|Le Chat Aux Poissons Rouges by Henri Matisse|
Colours can affect the way we think and feel. This is why certain colours are used to show different things - red often implies danger, blue represents calmness. Banks often use blue to calm the people and signs are often red to warn people of potential dangers.
Our reaction to colours stems from our primitive instincts. Some people may think that colour is subjective which means that the accuracy would change for each person. However colour is not subjective, it is the response that is subjective. You could view blue as a colour that calming and soothing, where as others may view it as a cold and harsh colour. However, as humans we rely on the combination of colours to tell us about possible dangers. We can see dangers through the combination; for example if you saw a grey sky over a predominantly white and blue landscape you would be more tempted to stay inside compared to if you saw a blue sky over a colourful, flower filled landscape you would be more tempted to go outside. Blue is also predominantly associated with blue skies, which evolutionarily we associate with no storms arriving. This is why blue is often seen as a colour of stability and calmness.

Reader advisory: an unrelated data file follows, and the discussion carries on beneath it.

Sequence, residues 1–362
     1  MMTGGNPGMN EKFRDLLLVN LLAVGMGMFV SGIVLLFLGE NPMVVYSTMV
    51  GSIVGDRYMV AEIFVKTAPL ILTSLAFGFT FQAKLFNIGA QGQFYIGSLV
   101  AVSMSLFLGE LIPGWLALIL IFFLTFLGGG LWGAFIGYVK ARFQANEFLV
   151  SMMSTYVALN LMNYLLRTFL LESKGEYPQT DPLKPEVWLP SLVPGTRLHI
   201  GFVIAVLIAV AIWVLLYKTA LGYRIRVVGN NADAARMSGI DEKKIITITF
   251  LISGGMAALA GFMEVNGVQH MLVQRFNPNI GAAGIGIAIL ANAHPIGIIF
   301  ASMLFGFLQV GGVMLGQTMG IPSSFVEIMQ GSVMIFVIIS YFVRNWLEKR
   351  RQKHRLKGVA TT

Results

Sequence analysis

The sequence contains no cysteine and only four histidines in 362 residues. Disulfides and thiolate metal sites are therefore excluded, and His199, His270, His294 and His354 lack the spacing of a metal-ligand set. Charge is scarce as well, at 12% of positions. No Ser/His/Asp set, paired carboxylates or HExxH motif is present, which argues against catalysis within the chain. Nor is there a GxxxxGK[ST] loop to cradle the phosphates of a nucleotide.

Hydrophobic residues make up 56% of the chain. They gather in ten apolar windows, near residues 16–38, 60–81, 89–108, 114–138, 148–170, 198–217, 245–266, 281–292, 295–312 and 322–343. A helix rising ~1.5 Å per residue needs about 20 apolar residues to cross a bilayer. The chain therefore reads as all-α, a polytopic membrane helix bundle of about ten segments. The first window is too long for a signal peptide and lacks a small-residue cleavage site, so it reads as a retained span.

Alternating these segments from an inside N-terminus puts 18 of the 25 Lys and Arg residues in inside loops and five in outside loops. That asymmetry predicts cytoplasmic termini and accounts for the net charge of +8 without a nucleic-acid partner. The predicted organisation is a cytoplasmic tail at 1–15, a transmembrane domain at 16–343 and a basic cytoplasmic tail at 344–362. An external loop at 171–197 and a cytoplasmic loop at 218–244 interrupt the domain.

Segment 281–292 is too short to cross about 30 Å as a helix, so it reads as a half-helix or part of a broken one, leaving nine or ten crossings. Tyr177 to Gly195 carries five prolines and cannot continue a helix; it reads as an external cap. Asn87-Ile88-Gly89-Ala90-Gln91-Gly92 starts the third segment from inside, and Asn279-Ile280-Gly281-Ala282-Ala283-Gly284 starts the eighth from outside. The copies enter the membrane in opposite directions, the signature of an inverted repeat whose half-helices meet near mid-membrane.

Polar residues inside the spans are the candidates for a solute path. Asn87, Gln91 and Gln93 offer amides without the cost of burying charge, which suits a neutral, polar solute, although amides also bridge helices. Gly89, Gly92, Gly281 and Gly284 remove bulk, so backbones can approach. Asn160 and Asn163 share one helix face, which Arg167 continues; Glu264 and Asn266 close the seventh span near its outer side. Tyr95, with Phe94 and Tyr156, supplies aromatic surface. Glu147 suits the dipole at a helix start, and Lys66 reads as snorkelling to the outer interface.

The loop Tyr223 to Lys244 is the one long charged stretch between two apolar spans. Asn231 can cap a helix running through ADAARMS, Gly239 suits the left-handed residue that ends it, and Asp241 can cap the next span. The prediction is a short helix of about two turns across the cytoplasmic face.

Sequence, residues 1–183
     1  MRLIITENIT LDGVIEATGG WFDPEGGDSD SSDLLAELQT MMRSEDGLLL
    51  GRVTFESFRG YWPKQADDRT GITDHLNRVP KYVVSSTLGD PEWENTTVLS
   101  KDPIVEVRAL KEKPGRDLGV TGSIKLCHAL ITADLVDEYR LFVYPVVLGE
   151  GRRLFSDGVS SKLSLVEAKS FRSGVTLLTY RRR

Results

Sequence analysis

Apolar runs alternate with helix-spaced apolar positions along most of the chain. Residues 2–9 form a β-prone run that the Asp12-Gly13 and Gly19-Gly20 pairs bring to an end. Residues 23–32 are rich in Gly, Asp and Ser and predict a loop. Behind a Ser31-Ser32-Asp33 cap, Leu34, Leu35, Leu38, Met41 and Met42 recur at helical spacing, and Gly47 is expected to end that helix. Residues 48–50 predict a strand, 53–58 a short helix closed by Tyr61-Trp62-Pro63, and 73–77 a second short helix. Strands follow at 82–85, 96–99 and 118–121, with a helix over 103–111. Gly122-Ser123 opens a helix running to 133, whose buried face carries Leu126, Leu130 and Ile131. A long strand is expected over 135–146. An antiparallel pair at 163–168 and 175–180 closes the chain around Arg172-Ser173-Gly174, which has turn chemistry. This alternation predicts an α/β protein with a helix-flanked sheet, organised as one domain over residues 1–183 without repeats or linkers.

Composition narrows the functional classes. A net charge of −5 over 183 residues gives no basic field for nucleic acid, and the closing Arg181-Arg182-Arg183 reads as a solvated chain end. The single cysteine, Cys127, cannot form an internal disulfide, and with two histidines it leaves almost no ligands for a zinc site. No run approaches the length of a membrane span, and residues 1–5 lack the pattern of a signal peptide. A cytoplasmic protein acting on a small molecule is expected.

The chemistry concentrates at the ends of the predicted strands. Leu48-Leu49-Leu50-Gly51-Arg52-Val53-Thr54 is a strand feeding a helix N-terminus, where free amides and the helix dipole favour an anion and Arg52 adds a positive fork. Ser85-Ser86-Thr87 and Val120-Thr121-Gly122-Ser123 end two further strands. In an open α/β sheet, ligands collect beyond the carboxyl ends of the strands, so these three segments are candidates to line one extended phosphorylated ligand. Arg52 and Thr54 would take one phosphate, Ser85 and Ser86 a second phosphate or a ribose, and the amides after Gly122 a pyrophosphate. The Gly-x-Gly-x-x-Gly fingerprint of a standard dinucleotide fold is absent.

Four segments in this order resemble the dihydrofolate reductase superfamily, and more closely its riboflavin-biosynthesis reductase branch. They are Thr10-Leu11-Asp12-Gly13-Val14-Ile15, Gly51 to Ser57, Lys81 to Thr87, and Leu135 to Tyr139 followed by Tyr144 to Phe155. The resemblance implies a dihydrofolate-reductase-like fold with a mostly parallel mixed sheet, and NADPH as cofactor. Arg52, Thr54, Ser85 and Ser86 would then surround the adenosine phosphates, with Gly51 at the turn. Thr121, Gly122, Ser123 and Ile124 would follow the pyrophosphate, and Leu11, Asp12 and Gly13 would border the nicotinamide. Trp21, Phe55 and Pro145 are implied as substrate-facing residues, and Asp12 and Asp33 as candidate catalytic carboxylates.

Colours are often used in advertising to make people view the product in a certain way. We can also use colours to help us in our everyday life. We can also use colour as a tool for learning. For example there are certain colours which can lead your brain to view things differently.
Red can draw your attention to something important or something that shouldn't be done (which is why it's often used to warn of danger). Orange can invite you to do something and prevents boredom. Yellow can highlight points that you need to remember and can stimulate mental activity. Green can be restful for the eyes and can increase productivity. Blue can calm you when something seems to complicated. It can also make you feel more centred and relaxed. Purple can be associated with wisdom and prosperity.
You are more likely to remember something if you see it in colour compared to in black and white.